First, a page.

“Our entire job is signing stars and looking for the next star,” Christie told TheWrap on Thursday night as 4,000 people in swimwear were filing in to see Major Lazer at 1 a.m. “We’re not interested in the middle ground. Guys like Jesse (Waits, Christie’s counterpart at fellow Wynn-owned XS and Tryst) and I have a personal expertise in understanding and identifying musical trends as it relates to clubs in Las Vegas.”

How the non-EDM Hollywood demographic knows Christie:
From his early days running nightlife in Boston (Bill’s Bar, Avalon), trying to get tables for clients at Light nightclub in its mid-2000’s heyday, and now as the ambassador to the Hollywood film community. Steve Wynn tasked Christie with bringing productions to the properties. Sony’s “Paul Blart: Mall Cop 2” (68.8 million domestic, 33 million international) was shot almost entirely at the Wynn.

TheWrap: Give us a stat that will impress a non-EDM fan
On a weekly basis, between XS, Surrender and Encore Beach Club, in this hotel, on a Saturday night we could have 30,000 consumers that are nightlife/daylife driven pass through the hotel and interact with it without overtaking (the hotel) — 30,000 people is (Red Sox baseball stadium) Fenway Park, let’s just say, and we still have a 5 star, 5 diamond resort. Those two things work together.

Do You Go to EDC?
Absolutely not. I have no desire to go to EDC, but I did go last year because what I’m interested in is the production. You have to understand, every single one of our DJs that is here (on property) is there. At this point in time in my career, I don’t need to be at EDC. What I want to see is the production. That’s what’s most interesting and related to the business. Any really good customers that are at EDC, I probably know personally or Jesse knows personally.

But that takes away 400,000 “Guest Nights Out” and sends them to the festival. How does this affect your business?
The festival is good for the city. It brings a large amount of people here. In 2010 (when EDC announced its move to Las Vegas), it really was the stamp that Las Vegas was the #1 nightclub capital in the world.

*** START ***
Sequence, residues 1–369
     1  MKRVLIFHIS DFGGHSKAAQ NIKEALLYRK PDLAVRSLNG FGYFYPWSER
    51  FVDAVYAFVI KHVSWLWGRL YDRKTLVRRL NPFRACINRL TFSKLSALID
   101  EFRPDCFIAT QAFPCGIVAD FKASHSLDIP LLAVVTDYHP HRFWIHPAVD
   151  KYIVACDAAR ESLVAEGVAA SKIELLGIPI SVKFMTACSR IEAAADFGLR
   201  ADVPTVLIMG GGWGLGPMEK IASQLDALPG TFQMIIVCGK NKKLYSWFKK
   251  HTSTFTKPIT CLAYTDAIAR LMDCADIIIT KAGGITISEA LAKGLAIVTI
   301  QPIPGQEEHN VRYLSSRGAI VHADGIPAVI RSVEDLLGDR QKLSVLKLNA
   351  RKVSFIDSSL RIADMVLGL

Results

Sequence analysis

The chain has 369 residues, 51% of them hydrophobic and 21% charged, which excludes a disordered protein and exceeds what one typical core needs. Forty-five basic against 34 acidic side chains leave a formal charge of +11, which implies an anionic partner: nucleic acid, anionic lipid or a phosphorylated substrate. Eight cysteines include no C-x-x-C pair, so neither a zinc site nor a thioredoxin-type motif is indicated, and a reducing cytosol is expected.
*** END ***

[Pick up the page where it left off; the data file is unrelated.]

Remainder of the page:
At night, EDC financially is not a good thing for the nightclubs. It’s not like a Memorial Day weekend which is a much more significant weekend. The spike that the town gets is in the days leading up to the festival.

Your own lineup — day and night — are names like Kaskade, David Guetta, Avicii, Diplo, and Major Lazer. That could be its own festival anywhere. What is the pitch to leave the hotel and go out there and sweat?
Number one, EDC is 18 plus, so it serves a demographic that we don’t serve. We’re 21 plus and we are more expensive. For all these kids in southern California and all over America, a large portion of that festival can not get in to our clubs. EDC is amazing if you’ve never seen that type of large scale production. We offer the counterpoint to that — having that DJ in a luxury setting. It’s an experience to go out there. I will give them that.

How robust are your data analysis and sabremetrics?

Christie:I can say within a 10 percent margin, maybe 5 percent, outside of an anomaly, I could probably tell you within 100 people how many our click count is going to be and I could probably tell you within $10,000 what our revenue is going to be and I can also probably tell you what our net profit off of that number would be within $10,000 as well.

Between all of the captains of industry here, you all seem chummy and professional. In the arms race for talent and revenue, how personal is it?